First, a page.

Increasing Your MarkupBy Michael Stone
Like many of you, I read industry magazines to keep up on new ideas. Much of what I read is good, but a recent article titled “Strategies for Increasing Your Markup” requires a comment.
Should I Change My Markup If I’m Not Making Sales?By Michael Stone
Should you change your markup method if you aren’t making sales? Don’t spend hours fiddling with numbers; invest the time in your sales skills.
Taxes and Profit and MarkupBy Michael Stone
Michael addresses a few different questions we’ve heard recently, primarily dealing with taxes and profit and calculating your markup.
How to Calculate MarkupBy Michael Stone
When I teach a class or webinar, sometimes I wonder if my listeners understand what I’m trying to say. After reading some of the questions that came in during a recent webinar, I realized I missed the mark.
Profit and Loss and MarkupBy Michael Stone
When your books are set up properly, it’s easy to calculate your markup, and it’s also easy to compare your actual results to your estimates.
Markup WorriesBy Michael Stone
Remember, you’re in business to provide a service and make a profit doing it.
Your Labor Rate and Your MarkupBy Michael Stone
Using the wrong labor rate, or using someone else’s markup when you don’t know their assumptions, is one of the biggest mistakes we see and the difference can be thousands of dollars.
Adjusting Your MarkupBy Michael Stone
In Markup & Profit Revisited, we explain how to calculate your markup. We’re often asked if you can adjust your markup based on the length of the job.
Bookkeeping, Markup, Taxes, AdvertisingBy Michael Stone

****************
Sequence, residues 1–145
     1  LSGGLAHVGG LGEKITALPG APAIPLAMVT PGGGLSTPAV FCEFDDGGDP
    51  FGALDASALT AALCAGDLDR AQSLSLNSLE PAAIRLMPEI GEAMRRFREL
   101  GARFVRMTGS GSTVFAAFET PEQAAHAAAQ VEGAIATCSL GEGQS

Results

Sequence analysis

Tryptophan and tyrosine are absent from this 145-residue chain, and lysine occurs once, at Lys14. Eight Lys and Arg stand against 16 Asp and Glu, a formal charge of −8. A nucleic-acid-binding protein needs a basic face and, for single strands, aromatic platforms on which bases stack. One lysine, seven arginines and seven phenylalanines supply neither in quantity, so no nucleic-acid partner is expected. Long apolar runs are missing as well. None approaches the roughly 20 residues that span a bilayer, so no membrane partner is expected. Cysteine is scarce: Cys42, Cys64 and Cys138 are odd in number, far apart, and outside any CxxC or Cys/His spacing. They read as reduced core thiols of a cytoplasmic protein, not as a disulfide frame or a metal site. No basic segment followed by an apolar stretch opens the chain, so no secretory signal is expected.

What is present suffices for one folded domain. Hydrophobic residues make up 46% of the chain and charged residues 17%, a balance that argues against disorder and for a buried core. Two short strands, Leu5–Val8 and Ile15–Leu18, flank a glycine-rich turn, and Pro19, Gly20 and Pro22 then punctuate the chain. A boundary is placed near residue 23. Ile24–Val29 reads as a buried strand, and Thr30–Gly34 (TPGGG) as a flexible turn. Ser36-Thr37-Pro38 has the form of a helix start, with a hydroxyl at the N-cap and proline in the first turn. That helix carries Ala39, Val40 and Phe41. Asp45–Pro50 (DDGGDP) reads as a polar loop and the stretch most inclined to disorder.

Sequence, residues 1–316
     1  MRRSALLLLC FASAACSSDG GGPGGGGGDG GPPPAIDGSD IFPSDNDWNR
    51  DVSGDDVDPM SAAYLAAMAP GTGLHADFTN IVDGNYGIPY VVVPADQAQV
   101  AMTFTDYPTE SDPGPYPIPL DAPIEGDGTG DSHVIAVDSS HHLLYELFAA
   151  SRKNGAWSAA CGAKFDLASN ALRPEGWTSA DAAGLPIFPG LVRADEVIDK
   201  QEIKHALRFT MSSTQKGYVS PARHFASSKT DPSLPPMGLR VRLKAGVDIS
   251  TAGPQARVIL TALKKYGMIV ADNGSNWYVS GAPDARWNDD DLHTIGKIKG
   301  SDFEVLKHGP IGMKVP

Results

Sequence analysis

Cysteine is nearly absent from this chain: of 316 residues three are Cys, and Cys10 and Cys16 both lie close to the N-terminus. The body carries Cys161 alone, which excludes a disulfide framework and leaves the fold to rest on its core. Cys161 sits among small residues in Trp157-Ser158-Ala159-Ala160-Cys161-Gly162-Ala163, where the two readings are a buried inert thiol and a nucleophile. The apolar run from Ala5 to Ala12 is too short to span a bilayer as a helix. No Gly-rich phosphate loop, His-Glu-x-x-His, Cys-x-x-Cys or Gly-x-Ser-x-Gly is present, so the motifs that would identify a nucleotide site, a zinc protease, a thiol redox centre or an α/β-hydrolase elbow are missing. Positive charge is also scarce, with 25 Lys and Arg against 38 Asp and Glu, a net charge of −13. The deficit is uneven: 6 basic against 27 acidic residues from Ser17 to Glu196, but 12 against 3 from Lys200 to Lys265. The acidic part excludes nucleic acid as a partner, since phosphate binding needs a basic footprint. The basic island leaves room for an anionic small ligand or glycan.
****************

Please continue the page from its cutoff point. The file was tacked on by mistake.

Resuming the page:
This week I want to catch up on a few things that have been bothering me.
Markup Materials Only?By Michael Stone
In a perfect world, estimated costs will match actual job costs. At the end of a perfect year, total job costs will equal projected job costs. It’s not a perfect world.
Adjusting Your Markup Based on the JobBy Michael Stone
Many contractors use a variable markup or margin to price jobs. They believe that in the construction industry you have to reduce the price to get the job.
Pricing Jobs RightBy Michael Stone
Not charging enough for your work is the major reason construction companies fail. Here are some of the mistakes contractors make when pricing their jobs.
Recover Overhead and Profit in your Labor RateBy Michael Stone
There are four basic ways to charge for construction services. These are fixed fee or lump sum pricing, Time & Material pricing, Cost Plus, and using an hourly rate.
Labor Rate for ConstructionBy Michael Stone
I’m frequently asked for the “industry standard” rate per hour for various types of work. There isn’t an industry standard markup, and there isn’t an industry standard hourly labor rate.